Before this we spent three days and two nights on a trip with a company called Wilderness Challenge where we also traveled in a four-wheel drive vehicle with a small group and our guide and driver, John, who was tiny and looked very much like a Chuckle Brother. We went through the rainforest and then out into the ‘Bush’, which is an amazing landscape, and pretty much everyone owns a 4WD because you are fucked if you don’t. The highlight for me was staying at a camp called Jowalbinna (meaning dingo’s ear) in little huts 36km down a rough dirt track. We went for a walk to see aboriginal rock art and John explained the meanings to us. The paintings were not decorative but used to spread news to others, warning danger, births, marriages etc. There was one rock gallery that was used by the elder women to explain to the young girls their roles as women. When we got back to the camp there were loads of wallabies around out huts, including some joeys. That was pretty amazing.
Before that we went snorkeling on the great barrier reef , saw some fish and lots of coral and also a turtle! On another day went on a “croc cruise” along the Daintree river to look at crocodiles, that was cool but they were mostly tiny ones but a couple big ones.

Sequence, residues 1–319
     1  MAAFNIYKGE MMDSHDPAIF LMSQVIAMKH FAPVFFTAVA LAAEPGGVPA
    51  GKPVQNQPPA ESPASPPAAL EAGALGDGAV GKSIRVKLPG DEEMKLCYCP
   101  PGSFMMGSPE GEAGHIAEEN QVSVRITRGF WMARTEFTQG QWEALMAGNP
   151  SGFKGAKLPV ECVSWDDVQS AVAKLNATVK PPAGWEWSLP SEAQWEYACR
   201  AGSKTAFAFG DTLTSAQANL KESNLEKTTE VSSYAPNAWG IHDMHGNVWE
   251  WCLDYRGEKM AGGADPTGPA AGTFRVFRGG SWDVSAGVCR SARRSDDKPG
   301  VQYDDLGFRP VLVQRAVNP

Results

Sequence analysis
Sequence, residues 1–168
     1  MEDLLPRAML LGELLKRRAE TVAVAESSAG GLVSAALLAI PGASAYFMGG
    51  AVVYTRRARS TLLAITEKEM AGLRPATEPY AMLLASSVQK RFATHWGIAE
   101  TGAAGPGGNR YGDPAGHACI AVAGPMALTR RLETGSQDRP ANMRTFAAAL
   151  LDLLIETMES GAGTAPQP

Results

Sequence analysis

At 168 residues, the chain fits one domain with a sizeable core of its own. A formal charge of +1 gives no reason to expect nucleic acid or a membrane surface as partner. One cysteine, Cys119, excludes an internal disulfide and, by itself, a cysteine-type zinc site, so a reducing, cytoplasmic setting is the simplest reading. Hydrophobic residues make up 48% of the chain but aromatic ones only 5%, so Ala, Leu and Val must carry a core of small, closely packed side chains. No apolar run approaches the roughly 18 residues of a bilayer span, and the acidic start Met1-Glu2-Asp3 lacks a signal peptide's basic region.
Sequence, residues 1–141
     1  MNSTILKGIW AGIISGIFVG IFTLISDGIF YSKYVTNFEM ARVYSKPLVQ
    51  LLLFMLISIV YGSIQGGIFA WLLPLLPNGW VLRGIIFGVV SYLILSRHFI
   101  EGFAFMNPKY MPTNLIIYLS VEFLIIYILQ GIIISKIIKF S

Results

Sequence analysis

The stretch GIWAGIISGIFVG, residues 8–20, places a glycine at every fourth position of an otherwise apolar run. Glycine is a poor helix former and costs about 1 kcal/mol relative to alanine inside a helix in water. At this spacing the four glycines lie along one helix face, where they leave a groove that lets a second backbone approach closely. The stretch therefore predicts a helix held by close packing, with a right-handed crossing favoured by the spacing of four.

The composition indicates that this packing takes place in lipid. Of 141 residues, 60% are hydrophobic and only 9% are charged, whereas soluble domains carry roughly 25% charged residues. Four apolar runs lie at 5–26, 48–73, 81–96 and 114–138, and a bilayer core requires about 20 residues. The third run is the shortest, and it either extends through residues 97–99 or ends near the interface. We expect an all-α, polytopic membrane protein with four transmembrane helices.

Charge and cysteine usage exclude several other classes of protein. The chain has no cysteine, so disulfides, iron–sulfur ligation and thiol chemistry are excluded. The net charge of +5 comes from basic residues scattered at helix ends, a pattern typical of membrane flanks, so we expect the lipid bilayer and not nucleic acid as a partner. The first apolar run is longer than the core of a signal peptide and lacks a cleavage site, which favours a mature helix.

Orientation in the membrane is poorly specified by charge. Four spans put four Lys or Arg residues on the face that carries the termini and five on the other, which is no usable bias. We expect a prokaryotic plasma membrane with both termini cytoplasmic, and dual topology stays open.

Being up north is great because it’s so hot! It’s amazing how in one day, and within the same country, I went from sleeping with a heater and an electric blanket (Melbourne) to sleeping with the vents open and the fan on in Port Douglas, ha!
Oh and the family is being quite well behaved really, a lot better than I expected although there are some frustrating moments. I miss everyone at home but am doing well not thinking about it too much and instead enjoying my free holiday here :)
Happy birthday to me :)
I am twenty, and no longer a teenager :(
Today, when I get the motivation, I will go into the city and go to the last of the art galleries on my list. Margaret is cat and dog sitting at her daughters house, which is near Fitzroy, this weekend so Cieran and I will be staying there too. Which means that we don't have to worry about last train, etc, when we go out this evening. So I'll be meeting up with them later on when they finish work and uni.
This week has been good, I've got into a nice routine of getting up early and heading into the city (it's about an hour on the train).